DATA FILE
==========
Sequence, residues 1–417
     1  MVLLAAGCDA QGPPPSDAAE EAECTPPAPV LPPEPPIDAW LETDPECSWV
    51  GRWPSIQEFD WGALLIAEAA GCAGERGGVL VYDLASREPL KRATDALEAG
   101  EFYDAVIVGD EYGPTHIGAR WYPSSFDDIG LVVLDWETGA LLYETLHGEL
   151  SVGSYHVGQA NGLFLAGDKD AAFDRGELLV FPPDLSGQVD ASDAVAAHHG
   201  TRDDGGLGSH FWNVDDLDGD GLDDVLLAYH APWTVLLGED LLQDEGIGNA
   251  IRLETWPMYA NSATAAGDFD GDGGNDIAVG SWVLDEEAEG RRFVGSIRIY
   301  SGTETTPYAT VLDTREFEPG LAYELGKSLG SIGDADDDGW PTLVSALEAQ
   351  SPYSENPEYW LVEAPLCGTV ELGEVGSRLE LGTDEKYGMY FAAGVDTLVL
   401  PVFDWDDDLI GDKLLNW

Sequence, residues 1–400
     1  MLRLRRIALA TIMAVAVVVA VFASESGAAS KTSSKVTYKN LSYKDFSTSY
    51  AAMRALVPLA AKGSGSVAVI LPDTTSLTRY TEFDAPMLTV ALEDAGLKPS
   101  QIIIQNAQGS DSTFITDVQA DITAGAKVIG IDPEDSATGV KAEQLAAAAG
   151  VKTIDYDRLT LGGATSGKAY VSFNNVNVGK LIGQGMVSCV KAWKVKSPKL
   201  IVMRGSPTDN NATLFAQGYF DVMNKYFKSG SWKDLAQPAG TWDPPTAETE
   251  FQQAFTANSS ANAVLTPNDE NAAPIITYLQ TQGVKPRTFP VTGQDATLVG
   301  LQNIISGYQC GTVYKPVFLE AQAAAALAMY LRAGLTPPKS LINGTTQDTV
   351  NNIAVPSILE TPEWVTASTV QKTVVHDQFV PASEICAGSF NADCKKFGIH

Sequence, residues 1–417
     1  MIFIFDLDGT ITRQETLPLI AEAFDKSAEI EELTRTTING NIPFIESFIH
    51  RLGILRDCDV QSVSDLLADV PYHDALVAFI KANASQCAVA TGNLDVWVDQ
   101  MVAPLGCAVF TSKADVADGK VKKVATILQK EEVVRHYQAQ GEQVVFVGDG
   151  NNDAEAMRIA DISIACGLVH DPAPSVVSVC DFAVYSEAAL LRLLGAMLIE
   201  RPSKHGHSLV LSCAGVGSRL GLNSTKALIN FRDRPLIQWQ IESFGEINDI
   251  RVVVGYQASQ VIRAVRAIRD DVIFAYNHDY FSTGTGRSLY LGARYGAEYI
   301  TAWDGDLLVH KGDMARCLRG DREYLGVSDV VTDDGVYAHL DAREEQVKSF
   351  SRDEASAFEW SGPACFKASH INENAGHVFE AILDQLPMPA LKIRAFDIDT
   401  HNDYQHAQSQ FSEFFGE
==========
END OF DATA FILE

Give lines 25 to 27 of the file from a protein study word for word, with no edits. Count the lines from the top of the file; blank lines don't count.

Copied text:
   201  RPSKHGHSLV LSCAGVGSRL GLNSTKALIN FRDRPLIQWQ IESFGEINDI
   251  RVVVGYQASQ VIRAVRAIRD DVIFAYNHDY FSTGTGRSLY LGARYGAEYI
   301  TAWDGDLLVH KGDMARCLRG DREYLGVSDV VTDDGVYAHL DAREEQVKSF